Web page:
These days, everything is smart: lights, thermostats, cars, even refrigerators. But for some reason, I never thought about smart sprinklers for my lawn, until I heard about Rachio. Intrigued, I reached out to them and they were kind enough to send me a unit for review.
First step: installation. I’ve always paid people to come out and deal with all things lawn watering for me, so I was a bit nervous about this part. Thankfully, the Rachio comes with incredibly simply instructions that even folks who are decidedly non-green-thumby can manage to do without screwing things up too badly. It also helps that it turns out that automatic sprinklers are built with some degree of user-friendliness, since each wire is inconveniently color-coded.
So I went out to my garage, risked life and limb climbing over stuff to get to where the sprinkler controls are, and began unscrewing the old unit. So far, so good. Yank out a bunch of wires (the best advice in the Rachio’s instructions were to take a picture of the old system before doing anything so you’d know which wire reconnected to which port. Thankfully, I did this, so that when I screwed up a bit later (more on that in a moment) I was able to recover easily.)
Next: Screw the new unit in. This is where things got a bit tricky, since the Rachio unit is considerably bigger than the old one. But I found what looked like a big enough spot and where at least one of the screws would go into the stud, so cool. The unit included several of those plastic thingies that let you put screws into drywall, so all seemed well–unit attached to the wall nice and securely.
And then I learned that that big bundle of wires coming out of the wall that I needed to hook back in had essentially no slack at all, and where I had mounted the unit was about 4 inches too high. So, some minor cursing and a quick trip up to Lowes to buy more of those plastic thingies (obviously, Rachio doesn’t provide enough of them for you to completely screw up and waste all of them screwing in the unit in the wrong place) and all was well again. Of course, by this time I had completely forgotten which wire went where, but thanks to the brilliant suggestion that I take a picture, that wasn’t a big deal either. Thank you, Rachio, for anticipating that your customers might be idiots and would need to start over a few times.
Now that it was hooked back up and plugged in, time to set up. Like all modern smart devices, this is all done via an app, which means that I got to leave the mess in the garage to go back in to finish. I think some of the spiders might have been disappointed that they didn’t get to watch the end of the process, but they’ll deal.
Once downloaded, the app quickly found the Rachio unit, and the prompted me to connect to my WiFi. Once that was done and the device was online, it led me to the next step, which is where things got a bit surprising.
Obviously, if I had ever thought about it, I would have realized that different types of landscaping require different amounts of water. The size of the yard, the type of grass (or weeds) or plants, the type of soil… Well, duh. All of it matters. And yet, in over 15 years of home ownership, I had never paused to consider it. 10 minutes per set of sprinklers, every couple of days, and we’re done. Right? Uh, no.
The first thing Rachio does is take each set of sprinklers and differentiate them by zone. For each zone, it asks a set of questions: what kind of plants are there? What kind of soil? What kinds of sprinkler heads are on this zone? How much of a slope is the yard? Once you answer these (or guess as to the answer), it lets you name the zone, and then moves on to the next. I’d guess it took me about 20 minutes to get everything set up.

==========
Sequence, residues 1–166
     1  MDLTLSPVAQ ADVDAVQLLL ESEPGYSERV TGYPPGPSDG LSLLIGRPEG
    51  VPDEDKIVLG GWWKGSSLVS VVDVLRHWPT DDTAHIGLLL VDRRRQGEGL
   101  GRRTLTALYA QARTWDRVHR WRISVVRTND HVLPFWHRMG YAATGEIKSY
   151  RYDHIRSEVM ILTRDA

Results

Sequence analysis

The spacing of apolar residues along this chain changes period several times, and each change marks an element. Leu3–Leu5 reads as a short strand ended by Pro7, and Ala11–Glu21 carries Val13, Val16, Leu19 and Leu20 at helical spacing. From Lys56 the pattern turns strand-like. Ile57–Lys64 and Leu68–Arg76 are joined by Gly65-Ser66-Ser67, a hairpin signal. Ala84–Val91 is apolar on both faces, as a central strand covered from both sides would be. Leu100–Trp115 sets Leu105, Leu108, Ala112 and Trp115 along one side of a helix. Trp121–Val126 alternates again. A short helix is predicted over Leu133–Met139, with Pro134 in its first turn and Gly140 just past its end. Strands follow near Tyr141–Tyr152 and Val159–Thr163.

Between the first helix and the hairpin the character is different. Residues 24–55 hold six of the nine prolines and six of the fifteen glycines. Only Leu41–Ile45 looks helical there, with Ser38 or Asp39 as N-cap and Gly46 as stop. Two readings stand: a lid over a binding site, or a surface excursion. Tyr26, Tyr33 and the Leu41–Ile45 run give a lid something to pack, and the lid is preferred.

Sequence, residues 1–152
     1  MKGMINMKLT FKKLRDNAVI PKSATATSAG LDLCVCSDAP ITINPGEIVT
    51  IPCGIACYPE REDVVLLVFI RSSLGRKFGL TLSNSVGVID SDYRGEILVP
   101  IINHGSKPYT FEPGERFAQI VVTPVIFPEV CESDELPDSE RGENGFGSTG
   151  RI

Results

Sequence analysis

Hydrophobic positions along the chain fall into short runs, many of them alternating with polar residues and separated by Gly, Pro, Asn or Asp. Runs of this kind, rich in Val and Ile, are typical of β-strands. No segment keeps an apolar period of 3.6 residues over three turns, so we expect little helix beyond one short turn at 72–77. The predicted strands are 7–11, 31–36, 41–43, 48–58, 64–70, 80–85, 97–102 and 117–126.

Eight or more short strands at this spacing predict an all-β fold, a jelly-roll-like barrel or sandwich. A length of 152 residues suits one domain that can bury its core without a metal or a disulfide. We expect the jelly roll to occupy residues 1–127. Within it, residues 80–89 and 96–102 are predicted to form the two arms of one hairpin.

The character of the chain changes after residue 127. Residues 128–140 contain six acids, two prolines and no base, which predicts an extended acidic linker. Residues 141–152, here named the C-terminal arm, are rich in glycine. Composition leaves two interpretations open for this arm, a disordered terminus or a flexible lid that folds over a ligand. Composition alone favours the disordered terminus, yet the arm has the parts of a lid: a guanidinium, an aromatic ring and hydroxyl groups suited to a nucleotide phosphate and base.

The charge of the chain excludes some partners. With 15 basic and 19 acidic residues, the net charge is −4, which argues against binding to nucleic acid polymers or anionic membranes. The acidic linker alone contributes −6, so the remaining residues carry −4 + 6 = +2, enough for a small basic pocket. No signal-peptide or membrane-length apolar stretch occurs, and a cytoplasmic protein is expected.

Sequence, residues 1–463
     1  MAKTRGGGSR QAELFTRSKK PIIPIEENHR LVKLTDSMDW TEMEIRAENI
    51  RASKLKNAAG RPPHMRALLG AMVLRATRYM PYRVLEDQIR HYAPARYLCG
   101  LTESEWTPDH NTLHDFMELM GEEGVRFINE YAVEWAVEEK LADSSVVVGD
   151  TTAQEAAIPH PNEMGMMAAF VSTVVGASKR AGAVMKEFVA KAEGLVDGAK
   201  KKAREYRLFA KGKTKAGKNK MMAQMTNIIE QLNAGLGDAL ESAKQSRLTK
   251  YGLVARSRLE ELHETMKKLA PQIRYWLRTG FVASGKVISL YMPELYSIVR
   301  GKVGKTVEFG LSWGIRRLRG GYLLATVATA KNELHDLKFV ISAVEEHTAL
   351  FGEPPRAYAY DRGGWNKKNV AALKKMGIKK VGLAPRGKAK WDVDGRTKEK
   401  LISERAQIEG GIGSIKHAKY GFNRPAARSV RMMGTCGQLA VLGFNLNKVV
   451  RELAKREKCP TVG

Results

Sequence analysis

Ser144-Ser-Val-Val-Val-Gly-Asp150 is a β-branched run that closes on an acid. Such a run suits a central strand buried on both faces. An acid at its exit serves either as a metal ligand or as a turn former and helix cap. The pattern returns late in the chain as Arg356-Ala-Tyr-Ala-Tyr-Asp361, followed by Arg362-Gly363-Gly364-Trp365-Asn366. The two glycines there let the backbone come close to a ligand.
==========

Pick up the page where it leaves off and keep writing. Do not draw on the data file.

One of the questions I ran into right away was whether or not we’d be able to continue to use the WiFi rain sensor we paid a lot for last time we had a pro come upgrade our sprinkler system. Some quick searching on Rachio’s website provided the answer: yes. Another round of surprisingly simple wiring and it was hooked up. Then, into the advanced settings in the app and it was enabled.
Also in the advanced settings was something that honestly I was surprised wasn’t in the basic setup: the size of the yard. I have a tiny yard, which of course doesn’t need as much water as a bigger yard, so a little bit outside with a tape measure and the system is even smarter, and watering less than before.
Another cool feature that I set up but honestly never use: Rachio works well with Google Home, so I could in theory say, “OK Google, tell Rachio to water the front yard.” While there might come a time when turning on the sprinklers while the kids are playing outside might be fun, I’m not sure there are too many places where I would want to manually water things, since after all the whole point of the system is to not really have to think too much about watering. (It also works with Amazon’s Alexa.)
Ironically, the system makes me think about watering more than before, since I do get a notification on my phone every time the sprinklers run. But that’s an OK “thinking about watering”, which is different from the “dang, did the lawn get watered today? What’s wrong with the system?” type of thinking I used to have to do.
In the end, a smart sprinkler system is one of those new technologies that makes my wife kind of roll her eyes, but even she’s come around to agreeing that this is one smart system that’s well worth having. Over the long run, I’m sure it’ll save us money as well, since it does water much less than before and yet still keeps our yard looking decent. (In the middle of the summer here in surface-of-the-sun Sacramento heat, “decent” is all we can really hope for.) Certainly, families with bigger yards in more moderate climates will see the savings much faster.
The Rachio Smart Sprinkler Controller is available on Amazon for $190 for an 8-zone system or $250 for a 16-zone system.